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6884 Views 11 Replies Latest reply: Jul 23, 2008 11:15 PM by bnadine RSS
bnadine Rookie 5 posts since
Jul 18, 2008
Currently Being Moderated

Jul 18, 2008 12:53 AM

New to Triathlon

I am a 57 year old female that has never entered anything like a race.  I have been swimming for an hour every day for the past year and would like to kick up my workouts.  A triathlon sounds interesting.  But I think I must be crazy to consider something like this.  I know how to ride a bike, but can't remember when I actually did.  I used to jog, but that was back before I had kids!  Any comments and advice would be very much appreciated.

  • Joe_h1 Community Moderator 1,833 posts since
    Jul 9, 2007
    Currently Being Moderated
    1. Jul 18, 2008 8:25 AM (in response to bnadine)
    give it a try you'll love it

    this sport doesn't have to be fancy. any bike w/ two wheels will work (except for those crazy recumbents) mtn and hybrid bikes are normally at the racks at tri's.  definitely get yourself some good running shoes (not tennis shoes) and start out slow even allow for small walking breaks if you need to. actually when starting out just keep your pace for the bike and run at conversation pace - if you can't talk you're working too hard! check around for a local running/cycling/tri club to keep you company and help you out in the start. hope that helps!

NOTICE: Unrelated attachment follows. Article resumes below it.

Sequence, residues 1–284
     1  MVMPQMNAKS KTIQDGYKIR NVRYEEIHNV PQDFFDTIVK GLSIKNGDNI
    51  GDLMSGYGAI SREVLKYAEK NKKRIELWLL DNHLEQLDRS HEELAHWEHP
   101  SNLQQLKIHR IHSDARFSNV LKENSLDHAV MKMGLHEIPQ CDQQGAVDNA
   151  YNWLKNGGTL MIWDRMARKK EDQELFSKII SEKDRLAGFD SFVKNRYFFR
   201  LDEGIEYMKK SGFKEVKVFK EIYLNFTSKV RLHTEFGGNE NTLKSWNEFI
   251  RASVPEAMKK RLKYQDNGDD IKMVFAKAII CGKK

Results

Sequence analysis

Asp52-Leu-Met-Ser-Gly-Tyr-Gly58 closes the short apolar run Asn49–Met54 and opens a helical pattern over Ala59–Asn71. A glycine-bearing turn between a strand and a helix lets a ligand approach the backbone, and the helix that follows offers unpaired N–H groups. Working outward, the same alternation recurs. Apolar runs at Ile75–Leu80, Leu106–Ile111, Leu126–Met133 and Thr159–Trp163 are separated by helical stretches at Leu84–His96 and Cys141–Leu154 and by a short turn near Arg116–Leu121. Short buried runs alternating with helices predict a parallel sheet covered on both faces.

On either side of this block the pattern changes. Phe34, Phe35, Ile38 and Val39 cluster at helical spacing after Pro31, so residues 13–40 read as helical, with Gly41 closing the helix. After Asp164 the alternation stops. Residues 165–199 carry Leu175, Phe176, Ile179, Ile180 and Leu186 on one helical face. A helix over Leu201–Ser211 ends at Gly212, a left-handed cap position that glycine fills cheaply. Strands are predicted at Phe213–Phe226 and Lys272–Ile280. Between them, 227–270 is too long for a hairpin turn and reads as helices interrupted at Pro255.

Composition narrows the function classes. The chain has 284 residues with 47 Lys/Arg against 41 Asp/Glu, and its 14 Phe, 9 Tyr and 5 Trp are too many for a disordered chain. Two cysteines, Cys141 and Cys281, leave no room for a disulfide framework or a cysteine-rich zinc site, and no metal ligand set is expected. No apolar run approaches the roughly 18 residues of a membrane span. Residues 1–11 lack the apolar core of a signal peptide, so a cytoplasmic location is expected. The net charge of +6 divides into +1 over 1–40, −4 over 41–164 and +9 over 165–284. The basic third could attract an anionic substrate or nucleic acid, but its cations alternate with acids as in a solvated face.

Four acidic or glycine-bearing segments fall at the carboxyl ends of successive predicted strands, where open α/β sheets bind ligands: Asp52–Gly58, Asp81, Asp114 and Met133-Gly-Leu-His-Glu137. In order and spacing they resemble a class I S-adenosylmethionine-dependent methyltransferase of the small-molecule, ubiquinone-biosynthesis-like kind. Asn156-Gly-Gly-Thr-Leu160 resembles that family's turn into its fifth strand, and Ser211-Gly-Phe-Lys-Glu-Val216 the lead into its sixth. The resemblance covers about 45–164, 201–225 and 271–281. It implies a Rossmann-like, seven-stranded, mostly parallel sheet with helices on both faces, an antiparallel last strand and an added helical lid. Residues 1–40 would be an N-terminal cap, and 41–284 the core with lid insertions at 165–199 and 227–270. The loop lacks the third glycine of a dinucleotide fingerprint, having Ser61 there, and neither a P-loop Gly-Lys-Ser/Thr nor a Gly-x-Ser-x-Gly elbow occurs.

goals for 2011:

    break 19minutes for 5k

    break 2:42 for olympic triathlon probably Anthracite olympic

    break 3:16 for marathon ( a long shot but it's fun putting yourself out there)

  • kwishum Rookie 2 posts since
    Jan 15, 2008
    Currently Being Moderated
    3. Jul 21, 2008 3:12 AM (in response to bnadine)
    Re: give it a try you'll love it

     

    Crazy? Absolutely not! If you're swimming an hour a day,  you've already conquered the part of a tri that frightens most of us.

     

     

    Being active and pushing yourself to a new challenge is never crazy. I agree with the advice to start slow. Make it your goal to finish, not win. And, look for a sprint tri to start with so the distances aren't long. Allow plenty of lead time to prepare. If you've not done any running or biking, I'd suggest at least 6 months to build up to the necessary distances. Personally, I'd also recommend finding someone "crazy" enough to do this with you. Training alone isn't much fun and takes a lot more self-discipline. Having a partner holds you accountable and "forces" you to show up for training runs or rides.

     

     

    Mostly, have fun and be proud of yourself for staying active.

     

     

  • itisI Rookie 1 posts since
    Jul 21, 2008
    Currently Being Moderated
    5. Jul 21, 2008 6:35 AM (in response to bnadine)
    Re: New to Triathlon

    I just finished my first triathlon.  I did the Danskin race which also has a training component.  It is an all women event and is geared toward first timers.  It was a great experience!

  • Joe_h1 Community Moderator 1,833 posts since
    Jul 9, 2007
    Currently Being Moderated
    6. Jul 21, 2008 6:35 AM (in response to bnadine)
    Re: give it a try you'll love it